David Pilgrim, Historical resonances of the DSM-5 dispute: American exceptionalism or Eurocentrism?

This article begins with arguments evident at the time of writing about the 5th revision of the Diagnostic and Statistical Manual of the American Psychiatric Association. The historical lineages of those arguments are international and not limited to the USA (the current focus in the DSM-5 controversy). The concern with psychiatric diagnosis both internationally and in the USA came to the fore at the end of the Second World War with the construction of the American Psychiatric Association’s Diagnostic and Statistical Manual (DSM-I) and the World Health Organization’s classification of ‘Diseases, Injuries and Causes of Death’ (ICD-6). However, the linkage between categories of morbidity, assumptions about natural biological categories and treatment specificity with ‘magic bullets’ emerged in the middle of the 19th century in physical medicine. This article explores the legitimacy of current psychiatric diagnoses in the light of that international, not national, history of medical knowledge. In conclusion it explores judgements about current cultural imperialism (at times made about US psychiatry) and an older picture of Eurocentrism, which is now being refracted in more recent globalizing knowledge-claims about mental disorder.


Freud Museum Annual Lecture 2013: How Well Does Freud’s Work Stand the Test of Time? (Allen Frances, MD)

Freud Museum Annual Lecture 2013

The Freud Museum and King’s College London
The Freud Memorial Lecture 2013
Dr. Allen Frances:
How Well Does Freud’s Work Stand the Test of Time?

5 June 2013 7.30pm (doors open at 7.15pm)
Edmond J Safra Theatre, King’s College London, The Strand, WC2R 2LS
Allen Frances, MD, was the Chair of the Task Force that prepared the fourth edition of the Diagnostic and Statistical Manual of Mental Disorders (DSM IV), often called the bible of the American psychiatric profession. However, he has been a vocal critic of the new DSM V, condemning what he calls its diagnostic hyperinflation. His new book, Saving Normal, is part mea culpa, part j‘accuse, and part cri de coeur. It explores why psychiatry has always been subject to so many fads, while deploring the medicalization of everyday human experience and the excessive use of psychiatric medicine.
In the prestigious Freud Memorial Lecture, Dr Frances argues that the current under-estimation of Freud is in part the price for his having been overestimated during his lifetime. ‘It is unwise to worship Freud or the DSM as bibles – but equally unwise not to know them,’ he says. His lecture will draw attention to which of Freud’s contributions he thinks still relevant, which quaint historical artefacts.
A graduate of the Columbia University Psychoanalytic Center, where he taught the Freud course for ten years, Allen Francie is now Professor Emeritus in the Department of Psychiatry and Behavioral Sciences at Duke University, where previously he was Chair.
Convenor: Lisa Appignanesi, Chair of the Freud Museum and visiting Professor in Literature and the Medical Humanities, Kings College London.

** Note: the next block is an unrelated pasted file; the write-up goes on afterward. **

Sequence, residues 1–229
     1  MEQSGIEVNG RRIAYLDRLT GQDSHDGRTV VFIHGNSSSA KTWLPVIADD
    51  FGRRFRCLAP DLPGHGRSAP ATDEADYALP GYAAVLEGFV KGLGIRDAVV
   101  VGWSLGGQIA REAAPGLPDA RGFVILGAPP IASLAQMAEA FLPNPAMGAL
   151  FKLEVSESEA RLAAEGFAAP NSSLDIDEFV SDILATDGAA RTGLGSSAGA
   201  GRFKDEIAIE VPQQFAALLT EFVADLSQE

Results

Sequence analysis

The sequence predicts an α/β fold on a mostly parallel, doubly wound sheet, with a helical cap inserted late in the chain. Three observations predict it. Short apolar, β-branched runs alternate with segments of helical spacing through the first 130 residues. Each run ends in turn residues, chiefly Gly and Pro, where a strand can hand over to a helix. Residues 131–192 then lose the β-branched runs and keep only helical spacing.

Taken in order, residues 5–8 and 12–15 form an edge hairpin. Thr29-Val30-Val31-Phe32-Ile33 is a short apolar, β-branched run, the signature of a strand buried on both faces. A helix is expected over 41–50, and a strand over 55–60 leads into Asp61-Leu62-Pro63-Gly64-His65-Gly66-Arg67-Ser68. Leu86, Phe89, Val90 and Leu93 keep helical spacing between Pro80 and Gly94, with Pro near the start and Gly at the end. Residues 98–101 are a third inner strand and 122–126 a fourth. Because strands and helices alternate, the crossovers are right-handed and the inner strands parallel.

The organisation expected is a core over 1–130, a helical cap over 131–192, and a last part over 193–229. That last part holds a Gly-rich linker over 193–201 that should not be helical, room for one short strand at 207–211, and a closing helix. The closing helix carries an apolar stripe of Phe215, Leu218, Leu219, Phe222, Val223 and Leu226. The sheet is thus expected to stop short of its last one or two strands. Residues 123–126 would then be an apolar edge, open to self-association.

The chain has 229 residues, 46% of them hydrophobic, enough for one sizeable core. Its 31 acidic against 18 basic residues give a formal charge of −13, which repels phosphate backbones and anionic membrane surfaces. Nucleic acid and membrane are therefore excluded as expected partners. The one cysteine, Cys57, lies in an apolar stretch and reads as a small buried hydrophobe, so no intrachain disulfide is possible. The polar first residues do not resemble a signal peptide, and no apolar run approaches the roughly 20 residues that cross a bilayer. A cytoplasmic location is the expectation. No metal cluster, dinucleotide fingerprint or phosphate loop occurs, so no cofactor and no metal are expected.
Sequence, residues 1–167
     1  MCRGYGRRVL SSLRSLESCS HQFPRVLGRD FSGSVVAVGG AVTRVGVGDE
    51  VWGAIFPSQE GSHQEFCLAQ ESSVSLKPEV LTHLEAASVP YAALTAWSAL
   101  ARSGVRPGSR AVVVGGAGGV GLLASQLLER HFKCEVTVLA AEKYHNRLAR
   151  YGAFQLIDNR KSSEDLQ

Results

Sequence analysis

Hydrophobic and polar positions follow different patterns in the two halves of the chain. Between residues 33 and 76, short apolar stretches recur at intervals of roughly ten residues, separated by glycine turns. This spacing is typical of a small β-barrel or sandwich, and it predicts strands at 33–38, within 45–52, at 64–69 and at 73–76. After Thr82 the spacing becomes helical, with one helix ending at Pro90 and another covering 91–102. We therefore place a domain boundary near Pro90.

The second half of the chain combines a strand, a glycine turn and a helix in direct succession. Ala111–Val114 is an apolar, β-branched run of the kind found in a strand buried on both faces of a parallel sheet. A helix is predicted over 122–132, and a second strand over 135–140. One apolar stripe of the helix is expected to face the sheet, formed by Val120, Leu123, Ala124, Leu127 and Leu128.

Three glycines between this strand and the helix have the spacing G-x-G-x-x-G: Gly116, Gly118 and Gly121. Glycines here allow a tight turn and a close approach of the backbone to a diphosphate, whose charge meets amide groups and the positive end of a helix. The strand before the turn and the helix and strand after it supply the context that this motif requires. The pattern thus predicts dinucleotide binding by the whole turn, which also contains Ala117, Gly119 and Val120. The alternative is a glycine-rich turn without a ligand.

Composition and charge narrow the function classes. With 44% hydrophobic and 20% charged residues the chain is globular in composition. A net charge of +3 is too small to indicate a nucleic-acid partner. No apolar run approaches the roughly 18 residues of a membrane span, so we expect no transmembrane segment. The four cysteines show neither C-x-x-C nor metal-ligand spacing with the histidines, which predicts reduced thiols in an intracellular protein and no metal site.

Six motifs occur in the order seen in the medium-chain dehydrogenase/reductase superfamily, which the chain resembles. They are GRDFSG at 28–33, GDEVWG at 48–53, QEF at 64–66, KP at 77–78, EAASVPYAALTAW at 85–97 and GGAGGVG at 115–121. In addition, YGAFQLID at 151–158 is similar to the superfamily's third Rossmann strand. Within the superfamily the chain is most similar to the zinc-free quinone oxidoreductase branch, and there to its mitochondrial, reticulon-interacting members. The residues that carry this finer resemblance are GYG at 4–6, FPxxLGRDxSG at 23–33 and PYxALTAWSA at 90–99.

The Freud Memorial Lecture is a leading event in the Freud Museum London Events Calendar. In past years it has been delivered by such luminaries as Edward Said, Slavoj Zizek, Adam Phillips and Michael Brearley.

Advance booking recommended. Tickets are free for King’s staff and students.
Contact or +44 (0)20 7435 2002

Maudsley Debates: Enabling or Labelling? (King’s College London)

This House believes that psychiatric diagnosis has advanced the care of people with mental health problems.

Wednesday 5th June, 6pm (refreshments served from 5.30pm)

To coincide with the publication of the 5th edition of the Diagnostic and Statistical Manual of Mental Disorders (DSM-5), sometimes described as the “Bible” of American psychiatry, the Institute of Psychiatry is hosting a debate on the issue of psychiatric diagnosis.  Some argue that a rigorously  standardised system of classification of mental disorders forms an essential role in conceptualising a patient’s problem, in predicting what treatments are likely to be effective, and in conducting valid scientific research.  Others consider psychiatric diagnoses to be no more than labels, which lack scientific and predictive validity and serve only to stigmatise and objectify those who suffer from mental disorders.  These issues will be debated in the 48th Maudsley Debate on Wednesday 5 June at 6pm at the Wolfson Lecture Theatre, Institute of Psychiatry, Denmark Hill.  The motion is “This House believes that psychiatric diagnosis has advanced the care of people with mental health problems.”

Speaking for the motion

Prof Norman Sartorius, former president of the World Psychiatric Association

Prof Anthony David, Professor of Cognitive Neuropsychiatry, Institute of Psychiatry

Speaking against the motion

Dr Felicity Callard, Senior Lecturer in Social Science for Medical Humanities, Durham University

Dr Pat Bracken, Clinical Director of Mental Health in West Cork and author of “Post- Psychiatry: Mental Health in a Post-Modern World”.

Chair:  Sir Simon Wessely, Professor of Psychological Medicine and Vice Dean for Academic Psychiatry, Institute of Psychiatry

Wolfson Lecture Theatre, Institute of Psychiatry Main Building, De Crespigny Park, London SE5 8AF
Contact: Hannah Baker
For more information, click here.